Japanese technology giant Fujitsu began developing palm-scanning technology in the mid-90s after researching several biometric – essentially body-measurement – techniques including iris and fingerprint scanning.
Fujitsu's palm scanners use near-infrared light to reveal the unique pattern of veins in a person's hand. Veins don't reflect near-infrared light – the same kind that TV remotes and some wireless keyboard use to communicate – and show up as a black pattern on a white hand. Each pattern is unique.
Fujitsu says its internal tests show the vein patterns are 300 times more complex than fingerprints. Even identical twins have different vein patterns,said Joel Hagberg,Fujitsu's vice president of marketing and business development.
Three Japanese banks,among several early adopters of the technology,installed palm scanners during 2004 to prevent fraud. During the last two years,U.S. hospitals in Florida,California and the Carolinas have installed palm scanners to link patients to their medical records – replacing drivers licenses and Social Security numbers as proof of identity.
Students taking the Graduate Management Admission Test will be required to scan their palms,as a fraud-prevention measure,beginning in March. The palm scanners will replace fingerprint readers in 425 test centers worldwide,said Dave Wilson,president and chief executive officer of the graduate admission council,which organizes the test.
Fujitsu found many people were uncomfortable with iris scanning and feared finger-scanning pads could spread germs. Holding a hand over a palm scanner is more hygienic and less intrusive,Hagberg said.
The U.S. government uses palm scanners to control access to areas where agencies destroy classified computer data. Fujitsu hopes to market computer mice with built-in palm scanners that would provide better security for online banking.
The Baycare Health System,a chain of nine hospitals and 11 outpatient centers in Florida,began installing palm scanners in mid-July. Baycare links each patient's palm to his or her medical information,which hospital officials say will eliminate duplicate records and help doctors identify confused or unconscious patients.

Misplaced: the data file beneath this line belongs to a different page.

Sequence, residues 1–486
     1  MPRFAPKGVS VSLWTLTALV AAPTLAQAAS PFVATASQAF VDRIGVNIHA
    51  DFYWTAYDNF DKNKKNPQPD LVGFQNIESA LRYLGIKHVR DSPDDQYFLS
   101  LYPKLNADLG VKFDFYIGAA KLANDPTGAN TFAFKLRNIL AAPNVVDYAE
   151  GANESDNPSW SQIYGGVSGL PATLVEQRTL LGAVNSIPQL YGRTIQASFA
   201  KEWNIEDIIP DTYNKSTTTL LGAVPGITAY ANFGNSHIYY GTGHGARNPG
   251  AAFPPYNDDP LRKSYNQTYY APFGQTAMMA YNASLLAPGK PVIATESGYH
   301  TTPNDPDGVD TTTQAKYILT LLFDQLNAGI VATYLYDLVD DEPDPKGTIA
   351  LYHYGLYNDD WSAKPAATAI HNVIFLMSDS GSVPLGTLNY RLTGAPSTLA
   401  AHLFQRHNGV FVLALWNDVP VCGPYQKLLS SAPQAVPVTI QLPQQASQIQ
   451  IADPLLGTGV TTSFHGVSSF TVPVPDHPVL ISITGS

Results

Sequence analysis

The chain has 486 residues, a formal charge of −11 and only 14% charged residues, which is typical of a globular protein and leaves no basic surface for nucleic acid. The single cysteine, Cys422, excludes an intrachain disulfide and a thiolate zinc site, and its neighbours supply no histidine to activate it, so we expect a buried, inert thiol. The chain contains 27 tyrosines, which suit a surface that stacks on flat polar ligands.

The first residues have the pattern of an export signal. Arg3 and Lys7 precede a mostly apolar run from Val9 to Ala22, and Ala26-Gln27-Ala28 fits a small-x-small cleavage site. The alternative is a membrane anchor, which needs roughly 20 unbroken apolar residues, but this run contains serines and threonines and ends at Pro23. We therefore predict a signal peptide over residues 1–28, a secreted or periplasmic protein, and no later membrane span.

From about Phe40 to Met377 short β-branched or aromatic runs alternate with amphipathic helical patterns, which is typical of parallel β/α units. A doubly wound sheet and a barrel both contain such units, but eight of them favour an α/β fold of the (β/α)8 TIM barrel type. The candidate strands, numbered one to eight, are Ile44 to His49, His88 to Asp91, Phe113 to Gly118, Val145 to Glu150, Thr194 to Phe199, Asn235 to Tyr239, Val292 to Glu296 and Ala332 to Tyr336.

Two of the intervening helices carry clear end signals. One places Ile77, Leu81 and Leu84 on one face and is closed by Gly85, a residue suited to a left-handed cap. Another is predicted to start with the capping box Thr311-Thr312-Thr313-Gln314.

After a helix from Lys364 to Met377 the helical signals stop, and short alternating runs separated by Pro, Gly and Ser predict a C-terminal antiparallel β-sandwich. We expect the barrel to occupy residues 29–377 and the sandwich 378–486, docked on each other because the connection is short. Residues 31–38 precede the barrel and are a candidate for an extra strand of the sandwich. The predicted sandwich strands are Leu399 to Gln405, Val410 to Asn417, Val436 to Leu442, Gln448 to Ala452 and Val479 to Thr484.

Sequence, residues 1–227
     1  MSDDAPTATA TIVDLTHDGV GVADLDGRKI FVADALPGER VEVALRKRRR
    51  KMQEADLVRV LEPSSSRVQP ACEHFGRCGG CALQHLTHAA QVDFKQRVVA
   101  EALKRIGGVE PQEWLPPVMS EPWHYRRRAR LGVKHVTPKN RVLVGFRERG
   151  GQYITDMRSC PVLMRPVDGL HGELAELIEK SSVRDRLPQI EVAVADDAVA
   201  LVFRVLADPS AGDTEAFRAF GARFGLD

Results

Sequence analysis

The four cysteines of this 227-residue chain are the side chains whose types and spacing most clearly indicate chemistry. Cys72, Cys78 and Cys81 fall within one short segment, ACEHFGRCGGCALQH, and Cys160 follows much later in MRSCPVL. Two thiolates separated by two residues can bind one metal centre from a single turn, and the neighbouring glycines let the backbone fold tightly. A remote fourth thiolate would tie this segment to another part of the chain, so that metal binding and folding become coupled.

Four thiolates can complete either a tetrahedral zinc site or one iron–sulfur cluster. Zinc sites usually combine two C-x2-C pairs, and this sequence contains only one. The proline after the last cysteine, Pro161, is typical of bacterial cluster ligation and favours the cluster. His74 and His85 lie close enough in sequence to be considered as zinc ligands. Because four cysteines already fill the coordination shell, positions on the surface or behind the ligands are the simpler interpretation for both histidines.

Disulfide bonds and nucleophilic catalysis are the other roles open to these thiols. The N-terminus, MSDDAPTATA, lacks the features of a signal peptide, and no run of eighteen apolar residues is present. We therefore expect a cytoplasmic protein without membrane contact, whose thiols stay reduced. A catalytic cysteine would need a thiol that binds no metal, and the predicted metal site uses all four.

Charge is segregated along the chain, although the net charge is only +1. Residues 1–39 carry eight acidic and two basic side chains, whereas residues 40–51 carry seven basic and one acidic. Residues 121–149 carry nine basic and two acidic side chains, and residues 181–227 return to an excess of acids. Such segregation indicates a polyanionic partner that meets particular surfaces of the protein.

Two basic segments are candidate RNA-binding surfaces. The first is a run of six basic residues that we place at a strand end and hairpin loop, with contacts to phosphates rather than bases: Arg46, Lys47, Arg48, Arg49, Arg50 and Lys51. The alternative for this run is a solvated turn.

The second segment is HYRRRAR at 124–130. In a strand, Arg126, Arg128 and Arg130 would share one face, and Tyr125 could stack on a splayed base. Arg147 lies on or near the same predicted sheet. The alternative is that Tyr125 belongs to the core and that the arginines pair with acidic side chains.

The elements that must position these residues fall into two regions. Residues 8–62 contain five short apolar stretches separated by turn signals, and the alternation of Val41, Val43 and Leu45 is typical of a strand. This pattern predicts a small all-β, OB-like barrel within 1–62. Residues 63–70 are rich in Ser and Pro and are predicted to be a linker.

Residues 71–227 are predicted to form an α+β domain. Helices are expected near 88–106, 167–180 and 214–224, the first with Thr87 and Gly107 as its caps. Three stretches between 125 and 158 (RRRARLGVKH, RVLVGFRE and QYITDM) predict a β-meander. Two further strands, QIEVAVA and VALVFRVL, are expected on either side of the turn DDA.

About 27,000 patients have scanned their palms into the system,and Baycare adds more than 1,000 people each day,said Jim Schwamb,Baycare's vice president for patient financial services.
“Our goal is to be at a million enrollments at the end of two years,” Schwamb said. He declined to say how much Baycare spent to buy and install its 350 palm scanners,but Schwamb said the technology would cost an average hospital chain about $1 million.
That figure comes from HT Systems,a Tampa-based company that sells palm-scanning equipment and medical software. HT Systems has sold palm scanners to hospitals in California,Florida and the Carolinas,said David Wiener,the company's vice president of sales.
Though purchase and installation costs can vary widely,depending on the complexity of existing computer systems,Wiener said an average hospital could be outfitted with palm scanners in 60 days for $100,000.
The Carolinas HealthCare System,a network of 23 hospitals,began using palm-scanners in May 2007. It plans to finish installing scanners at the end of this year,and so far has scanned 212,000 patients into its system.